Vol.5 Interviews with Donors
Asahi Woodtec Corporation
Tsuneo Kaibori was born in Osaka Prefecture in 1931. He graduated from the Faculty of Economics of Kyoto University in 1954. In 1952, when he was still a student of Kyoto University, he co-founded Asahi Tokushu Goban (currently, Asahi Woodtec Corporation), a manufacturer of wood building materials, with his elder brother, Mr. Torakazu Kaibori. Mr. Tsuneo Kaibori assumed the office of President in 1989, Chairman in 1997, and adviser in 2002. He received the Industrial Achievement Medal from the Governor of Osaka in 1998.
Mr. Tsuneo Kaibori was honored with the Medal with Dark Blue Ribbon in recognition of his generous donations to Kyoto University. The medal and the certificate were granted to him on February 4, 2016, by Vice President Yoshihiro Tokuga. At the awarding ceremony, he stated that both he and his elder brother were graduates from Kyoto University and added, "I just wanted to repay the university, since my brother and I owe to it what we are today." Taking the opportunity of receiving the Medal with Dark Blue Ribbon, your correspondent had the pleasure of hearing from Mr. Kaibori about his memories of his days at Kyoto University.
During World War II, it was banned to study English, since it was the language of the enemy. After the end of the war, however, students were encouraged to study English. This was an epochal incident that marked the radical change from the wartime to the post-war time. During the war, I did not study English at all, but after the war, I had to prepare for a test in English in the entrance examination. I had to struggle to find study materials since few were available.
I enrolled at Kyoto University in 1950. Since the university system also changed radically, our senior students, who were proud of having been admitted under the old system, looked down on us freshmen, so I sometimes felt an inferiority complex toward them. During the post-war period, we had to endure shortages of food. Since rice was rationed, we needed coupons to eat out.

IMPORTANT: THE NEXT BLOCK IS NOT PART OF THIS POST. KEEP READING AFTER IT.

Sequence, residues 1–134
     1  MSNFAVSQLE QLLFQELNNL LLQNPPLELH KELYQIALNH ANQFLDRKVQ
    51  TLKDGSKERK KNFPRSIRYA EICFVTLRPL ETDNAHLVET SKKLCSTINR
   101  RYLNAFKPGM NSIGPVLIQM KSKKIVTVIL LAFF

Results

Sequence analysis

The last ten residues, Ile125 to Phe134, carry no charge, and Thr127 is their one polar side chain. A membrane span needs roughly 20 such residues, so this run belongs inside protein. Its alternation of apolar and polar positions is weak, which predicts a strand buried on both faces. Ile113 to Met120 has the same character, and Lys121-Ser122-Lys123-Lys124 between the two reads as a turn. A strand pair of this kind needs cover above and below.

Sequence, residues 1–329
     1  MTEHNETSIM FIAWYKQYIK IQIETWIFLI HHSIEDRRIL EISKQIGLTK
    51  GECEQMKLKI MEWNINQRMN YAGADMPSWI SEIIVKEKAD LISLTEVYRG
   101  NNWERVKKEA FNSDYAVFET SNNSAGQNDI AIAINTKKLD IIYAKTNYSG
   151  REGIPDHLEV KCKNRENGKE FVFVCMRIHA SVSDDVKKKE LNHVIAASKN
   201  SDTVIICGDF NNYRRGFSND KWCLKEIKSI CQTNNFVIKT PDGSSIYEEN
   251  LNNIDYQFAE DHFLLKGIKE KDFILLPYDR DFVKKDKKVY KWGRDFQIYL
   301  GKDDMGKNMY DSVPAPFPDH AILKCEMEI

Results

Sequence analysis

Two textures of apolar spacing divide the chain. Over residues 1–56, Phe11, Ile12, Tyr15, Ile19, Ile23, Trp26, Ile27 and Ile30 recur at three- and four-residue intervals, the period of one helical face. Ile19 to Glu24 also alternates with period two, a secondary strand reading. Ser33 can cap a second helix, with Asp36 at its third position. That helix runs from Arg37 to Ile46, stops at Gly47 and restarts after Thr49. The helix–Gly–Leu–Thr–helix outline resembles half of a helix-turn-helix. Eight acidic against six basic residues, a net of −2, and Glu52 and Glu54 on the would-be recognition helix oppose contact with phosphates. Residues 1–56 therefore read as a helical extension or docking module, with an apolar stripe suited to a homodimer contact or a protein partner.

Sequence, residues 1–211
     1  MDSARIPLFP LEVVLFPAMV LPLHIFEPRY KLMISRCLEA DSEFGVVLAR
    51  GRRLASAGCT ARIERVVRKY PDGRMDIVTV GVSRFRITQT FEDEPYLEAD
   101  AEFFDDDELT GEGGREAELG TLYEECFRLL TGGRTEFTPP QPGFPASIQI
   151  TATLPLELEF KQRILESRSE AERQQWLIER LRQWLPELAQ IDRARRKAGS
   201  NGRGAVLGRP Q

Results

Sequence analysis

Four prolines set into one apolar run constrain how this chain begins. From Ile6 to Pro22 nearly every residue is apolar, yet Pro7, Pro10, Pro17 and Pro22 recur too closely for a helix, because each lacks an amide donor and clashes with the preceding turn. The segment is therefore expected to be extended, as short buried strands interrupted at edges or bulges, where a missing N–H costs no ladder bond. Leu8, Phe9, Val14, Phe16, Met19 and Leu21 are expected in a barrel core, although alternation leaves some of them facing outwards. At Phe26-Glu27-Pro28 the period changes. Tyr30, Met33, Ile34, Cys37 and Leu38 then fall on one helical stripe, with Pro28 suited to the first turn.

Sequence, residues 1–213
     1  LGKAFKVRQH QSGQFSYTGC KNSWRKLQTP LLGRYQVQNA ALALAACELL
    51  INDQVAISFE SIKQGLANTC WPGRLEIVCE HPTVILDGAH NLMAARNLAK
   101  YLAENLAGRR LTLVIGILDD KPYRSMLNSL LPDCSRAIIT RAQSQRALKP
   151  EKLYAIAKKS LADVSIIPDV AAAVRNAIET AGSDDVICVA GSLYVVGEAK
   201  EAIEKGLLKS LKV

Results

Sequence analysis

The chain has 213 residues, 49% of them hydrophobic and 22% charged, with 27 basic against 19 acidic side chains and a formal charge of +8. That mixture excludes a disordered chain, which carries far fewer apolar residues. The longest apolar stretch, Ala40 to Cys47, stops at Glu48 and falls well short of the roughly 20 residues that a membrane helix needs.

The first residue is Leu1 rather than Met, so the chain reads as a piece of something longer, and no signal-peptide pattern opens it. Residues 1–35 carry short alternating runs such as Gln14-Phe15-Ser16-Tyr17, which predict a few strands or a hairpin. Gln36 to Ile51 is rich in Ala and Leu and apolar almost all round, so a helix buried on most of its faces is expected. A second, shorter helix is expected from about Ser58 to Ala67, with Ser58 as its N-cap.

Everything changed very rapidly during the four years I spent at Kyoto University. Toward the end of my student days, the food coupon system was abolished. In the neighborhood of Kiyamachi where I lodged, increasing numbers of restaurants and bars began to open. Looking at the rapid changes of the quarter firsthand, I developed a strong attachment to the district, and even after graduating from the university, I frequently visited there.
When I was a junior student, I started a business with my elder brother. My father, who dealt in precious wood materials, knew well that in the long term it would be difficult to sustain his business. So he encouraged us to find a new way to utilize the knowledge and technologies he had accumulated in his business. At that time, I had just been admitted to a distinguished seminar held by Professor Minoru Nakatani. So my engagement in a new business probably caused a headache to the professor, but I managed to attend his classes and complete my course work. After graduation, however, I wished to study a few subjects, particularly business administration, again at Kyoto University.
My father was very eager to promote education. In 1975, he founded the Kaibori Scholarship Fund, which still continues to provide scholarships to university students, including those of Kyoto University. I have long wanted to repay Kyoto University, since my brother and I owe to it what we are today. When the E2 Society, which had organized class reunions for many years, was disbanded due to the aging of its members, we donated the remaining funds of the society to the alumni association of the Faculty of Economics. On that occasion, I learned of the existence of the Kyoto University Fund. Later, I sent a donation to the fund via the Internet to fulfill my long-cherished wish. I had never expected to receive such an honor. I will continue to support Kyoto University and its students, expecting the further development of Kyoto University and the great success of its students in the future.
(Covered in February 2016)